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Open AccessArticle

A Method for Mapping Future Urbanization in the United States

1
Biospheric Sciences Laboratory, NASA GSFC, Greenbelt, MD 20771, USA
2
Science Systems and Applications, Inc., Lanham, MD 20706, USA
3
Department of Environmental Sciences, Faculty of Sciences Semlalia, Cadi Ayyad University, Marrakesh 40000, Morocco
4
Engineering School, Mundiapolis University, Nouaceur 20180, Casablanca, Morocco
*
Authors to whom correspondence should be addressed.
Urban Sci. 2018, 2(2), 40; https://doi.org/10.3390/urbansci2020040
Received: 23 March 2018 / Revised: 19 April 2018 / Accepted: 19 April 2018 / Published: 24 April 2018
(This article belongs to the Special Issue Urban Futures—Landscape)
Cities are poised to absorb additional people. Their sustainability, or ability to accommodate a population increase without depleting resources or compromising future growth, depends on whether they harness the efficiency gains from urban land management. Population is often projected as a bulk national number without details about spatial distribution. We use Landsat and population data in a methodology to project and map U.S. urbanization for the year 2020 and document its spatial pattern. This methodology is important to spatially disaggregate projected population and assist land managers to monitor land use, assess infrastructure and distribute resources. We found the U.S. west coast urban areas to have the fastest population growth with relatively small land consumption resulting in future decrease in per capita land use. Except for Miami (FL), most other U.S. large urban areas, especially in the Midwest, are growing spatially faster than their population and inadvertently consuming land needed for ecosystem services. In large cities, such as New York, Chicago, Houston and Miami, land development is expected more in suburban zones than urban cores. In contrast, in Los Angeles land development within the city core is greater than in its suburbs. View Full-Text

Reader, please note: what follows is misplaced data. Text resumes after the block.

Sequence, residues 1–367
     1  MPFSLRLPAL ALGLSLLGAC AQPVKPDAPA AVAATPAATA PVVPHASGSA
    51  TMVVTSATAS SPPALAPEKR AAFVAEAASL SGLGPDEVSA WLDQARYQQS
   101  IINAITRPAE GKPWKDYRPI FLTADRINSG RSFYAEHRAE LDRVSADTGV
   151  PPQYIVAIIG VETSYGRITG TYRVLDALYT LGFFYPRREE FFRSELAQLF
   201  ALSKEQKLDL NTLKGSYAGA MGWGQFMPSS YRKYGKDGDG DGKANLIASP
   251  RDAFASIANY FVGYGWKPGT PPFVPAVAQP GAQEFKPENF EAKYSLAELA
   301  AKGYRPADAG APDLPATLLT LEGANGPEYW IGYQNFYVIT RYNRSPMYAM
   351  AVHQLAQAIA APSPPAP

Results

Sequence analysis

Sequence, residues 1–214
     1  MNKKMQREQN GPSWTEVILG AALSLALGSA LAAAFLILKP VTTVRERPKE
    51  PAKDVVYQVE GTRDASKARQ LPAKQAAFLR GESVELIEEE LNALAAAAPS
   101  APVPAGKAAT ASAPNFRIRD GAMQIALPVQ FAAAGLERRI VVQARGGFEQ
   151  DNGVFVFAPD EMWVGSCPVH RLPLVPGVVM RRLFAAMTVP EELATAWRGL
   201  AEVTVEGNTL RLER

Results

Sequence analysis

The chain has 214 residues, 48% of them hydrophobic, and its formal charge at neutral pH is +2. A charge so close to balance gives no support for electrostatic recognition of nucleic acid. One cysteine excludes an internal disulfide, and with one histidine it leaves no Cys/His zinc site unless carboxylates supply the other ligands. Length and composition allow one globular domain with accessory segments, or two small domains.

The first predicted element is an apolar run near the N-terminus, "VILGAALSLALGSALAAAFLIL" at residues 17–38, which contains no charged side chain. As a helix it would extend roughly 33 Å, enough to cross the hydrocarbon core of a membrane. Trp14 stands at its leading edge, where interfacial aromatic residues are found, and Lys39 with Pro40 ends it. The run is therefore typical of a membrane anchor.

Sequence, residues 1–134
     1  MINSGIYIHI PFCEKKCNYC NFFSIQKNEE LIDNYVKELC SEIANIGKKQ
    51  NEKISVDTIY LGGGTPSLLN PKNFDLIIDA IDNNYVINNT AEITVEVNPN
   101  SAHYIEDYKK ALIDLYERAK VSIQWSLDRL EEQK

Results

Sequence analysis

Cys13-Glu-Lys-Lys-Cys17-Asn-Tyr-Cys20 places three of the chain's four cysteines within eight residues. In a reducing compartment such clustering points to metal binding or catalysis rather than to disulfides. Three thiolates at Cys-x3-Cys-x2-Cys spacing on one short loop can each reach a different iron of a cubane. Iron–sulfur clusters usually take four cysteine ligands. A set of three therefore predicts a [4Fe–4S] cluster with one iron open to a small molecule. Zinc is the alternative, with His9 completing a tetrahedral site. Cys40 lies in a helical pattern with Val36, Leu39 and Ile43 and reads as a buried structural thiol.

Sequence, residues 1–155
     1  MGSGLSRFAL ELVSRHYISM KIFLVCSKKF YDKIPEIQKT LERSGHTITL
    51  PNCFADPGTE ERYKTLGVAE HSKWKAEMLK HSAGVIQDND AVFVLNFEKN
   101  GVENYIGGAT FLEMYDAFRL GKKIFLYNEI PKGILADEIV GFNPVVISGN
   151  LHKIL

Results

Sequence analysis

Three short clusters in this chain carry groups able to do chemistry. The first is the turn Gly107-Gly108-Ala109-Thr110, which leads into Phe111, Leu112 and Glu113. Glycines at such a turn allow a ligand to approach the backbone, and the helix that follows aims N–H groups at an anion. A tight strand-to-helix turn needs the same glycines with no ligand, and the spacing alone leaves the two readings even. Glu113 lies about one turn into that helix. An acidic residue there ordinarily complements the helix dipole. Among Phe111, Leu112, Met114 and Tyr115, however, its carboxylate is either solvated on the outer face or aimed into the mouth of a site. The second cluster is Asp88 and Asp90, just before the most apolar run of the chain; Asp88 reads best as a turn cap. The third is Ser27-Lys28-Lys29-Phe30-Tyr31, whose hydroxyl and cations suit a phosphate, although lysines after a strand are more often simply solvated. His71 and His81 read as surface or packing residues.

Keywords: population; NLCD; land use; CONUS; impervious surface; CIESIN population; NLCD; land use; CONUS; impervious surface; CIESIN
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MDPI and ACS Style

Bounoua, L.; Nigro, J.; Thome, K.; Zhang, P.; Fathi, N.; Lachir, A. A Method for Mapping Future Urbanization in the United States. Urban Sci. 2018, 2, 40.

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